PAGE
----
Posted on September 1, 2004

A Reminder Of The Limits Of Affirmative Action

Frederick H. Schranck, Sneaking Suspicions, Aug. 31

Last Friday the U.S. Seventh Circuit Court of Appeals issued another opinion in the long-running dispute over affirmative action in civil service testing for promotions in the Chicago Fire Department.

The opinion gave both sides something to chew on, and I think deliberately so. The panel upheld the finding of liability won by the white firefighters who brought the lawsuit, but it also found that the relief granted in the District Court proceedings went too far.

This mess began when the CFD tweaked the way that it originally planned to use the results of the 1986 lieutenants’ examination. It had already spent a fair amount of taxpayers’ cash to develop the test as a valid examination of the knowledge, skills, and abilities needed for those seeking that rank.

As with most civil service tests of large numbers of folks seeking relatively few chances for advancement, the normal process called for rank-ordering the test-takers by their overall scores, and promoting in that order. However, 29% of those taking the 1986 test were black or Hispanic, but were only 12% of the 300 top-scoring candidates. Under EEOC guidelines, this is recognized as a disparate impact on minority candidates.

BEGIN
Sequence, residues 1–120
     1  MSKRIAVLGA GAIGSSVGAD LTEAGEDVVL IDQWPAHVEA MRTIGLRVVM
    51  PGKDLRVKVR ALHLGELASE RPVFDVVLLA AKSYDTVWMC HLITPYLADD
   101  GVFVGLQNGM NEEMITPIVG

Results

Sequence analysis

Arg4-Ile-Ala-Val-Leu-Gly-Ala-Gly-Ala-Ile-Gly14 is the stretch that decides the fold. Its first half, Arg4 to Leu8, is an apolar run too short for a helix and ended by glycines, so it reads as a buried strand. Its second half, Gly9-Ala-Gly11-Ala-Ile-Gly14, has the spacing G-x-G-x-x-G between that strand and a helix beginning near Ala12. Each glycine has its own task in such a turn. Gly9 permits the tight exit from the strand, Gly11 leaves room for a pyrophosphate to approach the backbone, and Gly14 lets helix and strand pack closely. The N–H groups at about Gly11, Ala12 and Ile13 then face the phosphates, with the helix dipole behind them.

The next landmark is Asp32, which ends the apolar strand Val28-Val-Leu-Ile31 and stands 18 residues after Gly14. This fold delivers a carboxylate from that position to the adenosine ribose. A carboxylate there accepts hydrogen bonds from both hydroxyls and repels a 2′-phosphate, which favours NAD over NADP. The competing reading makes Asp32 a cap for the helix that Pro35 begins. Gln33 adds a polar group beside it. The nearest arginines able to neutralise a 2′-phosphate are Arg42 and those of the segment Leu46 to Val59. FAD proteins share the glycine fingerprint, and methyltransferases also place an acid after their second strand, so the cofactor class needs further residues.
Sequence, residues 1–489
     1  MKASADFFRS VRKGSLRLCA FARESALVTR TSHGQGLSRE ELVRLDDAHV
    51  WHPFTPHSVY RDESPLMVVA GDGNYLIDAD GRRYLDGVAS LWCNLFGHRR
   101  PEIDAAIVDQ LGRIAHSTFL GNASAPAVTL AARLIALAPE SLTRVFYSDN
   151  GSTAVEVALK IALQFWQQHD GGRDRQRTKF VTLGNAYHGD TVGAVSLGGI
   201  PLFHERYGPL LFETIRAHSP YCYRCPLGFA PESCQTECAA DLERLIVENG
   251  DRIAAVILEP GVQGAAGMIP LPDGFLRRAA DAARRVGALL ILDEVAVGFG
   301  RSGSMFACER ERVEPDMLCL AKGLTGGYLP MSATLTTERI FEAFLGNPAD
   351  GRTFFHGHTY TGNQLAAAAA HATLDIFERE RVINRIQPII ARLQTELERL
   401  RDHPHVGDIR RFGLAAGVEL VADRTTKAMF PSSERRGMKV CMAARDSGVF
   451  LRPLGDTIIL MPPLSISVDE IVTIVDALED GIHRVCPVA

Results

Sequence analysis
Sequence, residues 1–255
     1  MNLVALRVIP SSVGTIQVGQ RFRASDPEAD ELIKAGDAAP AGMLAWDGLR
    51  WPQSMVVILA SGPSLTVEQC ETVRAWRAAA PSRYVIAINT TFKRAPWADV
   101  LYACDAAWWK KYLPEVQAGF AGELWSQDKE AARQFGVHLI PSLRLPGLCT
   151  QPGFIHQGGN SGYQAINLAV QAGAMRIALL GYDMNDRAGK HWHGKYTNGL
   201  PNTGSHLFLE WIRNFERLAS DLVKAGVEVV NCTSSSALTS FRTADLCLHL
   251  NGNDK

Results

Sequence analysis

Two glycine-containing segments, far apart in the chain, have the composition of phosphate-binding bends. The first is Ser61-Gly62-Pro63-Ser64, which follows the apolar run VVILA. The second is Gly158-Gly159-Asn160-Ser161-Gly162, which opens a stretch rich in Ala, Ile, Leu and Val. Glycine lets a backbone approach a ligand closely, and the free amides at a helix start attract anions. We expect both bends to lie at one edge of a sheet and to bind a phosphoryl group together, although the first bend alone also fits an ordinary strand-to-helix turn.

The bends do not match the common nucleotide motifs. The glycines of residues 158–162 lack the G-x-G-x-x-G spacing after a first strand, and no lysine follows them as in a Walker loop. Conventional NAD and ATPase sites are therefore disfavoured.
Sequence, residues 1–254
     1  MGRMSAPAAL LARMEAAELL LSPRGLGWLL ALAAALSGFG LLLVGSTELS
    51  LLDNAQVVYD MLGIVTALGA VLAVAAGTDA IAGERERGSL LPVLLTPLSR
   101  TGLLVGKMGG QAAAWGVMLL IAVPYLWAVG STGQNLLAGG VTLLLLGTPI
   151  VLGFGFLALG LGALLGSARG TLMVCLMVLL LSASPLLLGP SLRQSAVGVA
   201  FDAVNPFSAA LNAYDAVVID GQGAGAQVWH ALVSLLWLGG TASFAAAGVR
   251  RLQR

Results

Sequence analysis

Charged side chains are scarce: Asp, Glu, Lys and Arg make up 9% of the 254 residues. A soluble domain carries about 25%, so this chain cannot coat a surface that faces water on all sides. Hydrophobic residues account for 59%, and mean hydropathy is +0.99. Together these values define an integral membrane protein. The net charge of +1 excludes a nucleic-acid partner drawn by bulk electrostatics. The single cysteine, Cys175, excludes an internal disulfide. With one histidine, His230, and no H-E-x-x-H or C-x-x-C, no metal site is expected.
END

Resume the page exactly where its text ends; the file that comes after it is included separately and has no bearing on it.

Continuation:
Title VII analysis doesn’t usually stop there, however. When faced with these kinds of results, employers should first make sure their tests are valid, both with respect to how the test matches up with job requirements, and also with respect to how test scores are used. Minority candidates and their advocates could still try to show that a different approach to testing and scoring would produce similarly valid results, but without the adverse impact.

The CFD discovered that rank-ordering made sense, but only within certain limits. For example, anyone within a range of 3.5 points on the 100-point scale was equivalent to all others in the same range, but strict point-by-point ranking wasn’t defensible.

The Department adopted yet another approach to using the test results. They split the test group into two parts (white and minority), and used the two lists until 1991. The Department promoted new minority lieutenants at a rate that matched the candidate pool of 29%, while retaining the strict rank-order promotion process for both lists in making 209 promotions.

Under this scheme, white candidates lost out on some promotions, and other white firefighters saw their eventual promotion dates delayed.

Naturally, this situation created a new set of plaintiffs, who quickly sued the city.

The CFD lost on the liability issue, both in trial below and on appeal: